Filtering out toxic chromium from water
Hexavalent chromium continues to contaminate water sources around the world, with one US company fined just this February for putting employees at risk. Hexavalent chromium is considered to be extremely toxic, especially when inhaled or ingested, and its use is regulated in Europe and in many countries around the world. It is thought to be genotoxic, leading to DNA damage and the formation of cancerous tumors.
Now, chemists at EPFL are developing energy efficient processes for removing contaminants, this time hexavalent chromium, from water. The results are published today in the Journal of Materials Chemistry A.
"Providing access to clean water is one of the most important challenges of our time," says lead author Wendy Queen of EPFL's Laboratory of Functional Materials. "The development of energy efficient processes able to rapidly remove water contaminants play an important role in our effort to globally improve human health and environmental well-being."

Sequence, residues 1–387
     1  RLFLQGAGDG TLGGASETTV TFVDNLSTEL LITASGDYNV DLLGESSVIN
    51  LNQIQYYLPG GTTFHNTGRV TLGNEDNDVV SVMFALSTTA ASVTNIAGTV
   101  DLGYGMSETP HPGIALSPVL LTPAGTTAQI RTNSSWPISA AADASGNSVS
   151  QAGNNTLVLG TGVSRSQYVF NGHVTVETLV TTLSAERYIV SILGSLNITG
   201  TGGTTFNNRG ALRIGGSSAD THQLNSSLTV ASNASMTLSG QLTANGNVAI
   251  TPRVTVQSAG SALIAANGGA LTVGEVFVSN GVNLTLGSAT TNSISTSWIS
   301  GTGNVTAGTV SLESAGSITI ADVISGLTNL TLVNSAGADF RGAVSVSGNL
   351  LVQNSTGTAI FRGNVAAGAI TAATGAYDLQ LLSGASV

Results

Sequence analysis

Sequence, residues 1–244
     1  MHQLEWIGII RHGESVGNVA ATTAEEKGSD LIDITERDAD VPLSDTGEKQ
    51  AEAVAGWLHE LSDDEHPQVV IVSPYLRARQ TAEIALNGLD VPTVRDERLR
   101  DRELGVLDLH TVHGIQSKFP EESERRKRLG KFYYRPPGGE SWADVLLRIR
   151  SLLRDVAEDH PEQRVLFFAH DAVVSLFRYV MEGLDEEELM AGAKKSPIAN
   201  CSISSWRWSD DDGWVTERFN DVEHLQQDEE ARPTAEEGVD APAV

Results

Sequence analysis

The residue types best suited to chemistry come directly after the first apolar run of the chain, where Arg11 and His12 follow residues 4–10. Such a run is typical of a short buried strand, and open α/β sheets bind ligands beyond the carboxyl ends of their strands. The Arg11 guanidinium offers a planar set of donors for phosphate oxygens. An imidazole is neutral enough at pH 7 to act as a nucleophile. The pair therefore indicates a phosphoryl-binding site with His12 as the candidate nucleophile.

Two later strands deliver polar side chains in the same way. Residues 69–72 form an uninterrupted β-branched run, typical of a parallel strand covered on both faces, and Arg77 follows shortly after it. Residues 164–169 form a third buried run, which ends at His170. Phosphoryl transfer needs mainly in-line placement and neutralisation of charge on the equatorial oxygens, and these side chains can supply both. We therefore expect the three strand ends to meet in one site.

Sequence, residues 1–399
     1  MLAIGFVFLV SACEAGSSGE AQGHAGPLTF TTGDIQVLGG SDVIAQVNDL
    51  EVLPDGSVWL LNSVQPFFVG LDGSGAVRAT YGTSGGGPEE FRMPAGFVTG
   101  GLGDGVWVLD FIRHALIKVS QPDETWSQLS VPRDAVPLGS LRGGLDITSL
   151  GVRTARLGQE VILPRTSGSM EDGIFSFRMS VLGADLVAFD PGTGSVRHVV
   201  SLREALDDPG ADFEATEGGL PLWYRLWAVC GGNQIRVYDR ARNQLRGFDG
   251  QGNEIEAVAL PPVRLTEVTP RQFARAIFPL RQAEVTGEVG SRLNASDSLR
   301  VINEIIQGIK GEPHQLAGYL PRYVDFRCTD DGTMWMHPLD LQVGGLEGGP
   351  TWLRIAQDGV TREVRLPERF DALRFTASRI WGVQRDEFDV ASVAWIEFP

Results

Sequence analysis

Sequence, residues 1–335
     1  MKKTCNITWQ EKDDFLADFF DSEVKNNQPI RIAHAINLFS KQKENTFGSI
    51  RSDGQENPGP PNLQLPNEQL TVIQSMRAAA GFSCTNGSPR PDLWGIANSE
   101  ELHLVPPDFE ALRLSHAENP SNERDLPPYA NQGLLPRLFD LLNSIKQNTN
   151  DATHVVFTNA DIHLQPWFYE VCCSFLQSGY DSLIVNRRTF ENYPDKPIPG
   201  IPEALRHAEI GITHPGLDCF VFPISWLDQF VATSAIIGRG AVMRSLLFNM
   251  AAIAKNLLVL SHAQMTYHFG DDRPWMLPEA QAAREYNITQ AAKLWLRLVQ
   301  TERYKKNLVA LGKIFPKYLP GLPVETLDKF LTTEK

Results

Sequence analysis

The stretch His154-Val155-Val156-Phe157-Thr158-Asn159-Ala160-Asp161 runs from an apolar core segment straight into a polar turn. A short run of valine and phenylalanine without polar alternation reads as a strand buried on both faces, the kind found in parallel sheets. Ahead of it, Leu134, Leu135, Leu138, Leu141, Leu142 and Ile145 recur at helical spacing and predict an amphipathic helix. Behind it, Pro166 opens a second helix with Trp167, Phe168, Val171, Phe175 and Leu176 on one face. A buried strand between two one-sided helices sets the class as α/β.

Queen and colleagues are developing sponge-like materials that can collect specific substances from solution. Their materials are actually crystals, called metal-organic frameworks (MOF), and the scientists are tailoring these crystalline structures to capture a particular substance.
The materials are extremely porous and the contact surface area contained in one gram of these MOFs can be as large as that of a football field. The target substance then enters these pores and sticks to the internal surface area in a process called adsorption.
The scientists have previously shown that their materials can efficiently adsorb other substances dissolved in solution, like gold, mercury and lead. For instance, 1 gram of MOF yields almost 1 gram of gold. Queen, in collaboration with EPFL scientist Berend Smit and EPFL Ph.D. student Bardiya Valizadeh, has demonstrated the extraction of hexavalent chromium from water. With hexavalent chromium, a relatively light substance, the MOFs can extract approximately 208 milligrams per gram of MOF. Also, if you shine light on the MOF, it then transforms the highly toxic hexavalent chromium into a relatively nontoxic trivalent chromium.
Further developments are required in order to implement the technology for decontaminating water outside of the laboratory.
"The great thing about our sponges is they are relatively easy and cheap to make," explains Queen. "The next step is to test our sponges at larger scales."
For example, the scientists expect 1 kg of MOFs to cost roughly 15 CHF to make, whereas 1kg of gold is worth roughly 55 000 CHF.
More information: Journal of Materials Chemistry A (2020). DOI: 10.1039/d0ta01046d
Journal information: Journal of Materials Chemistry A
Provided by Ecole Polytechnique Federale de Lausanne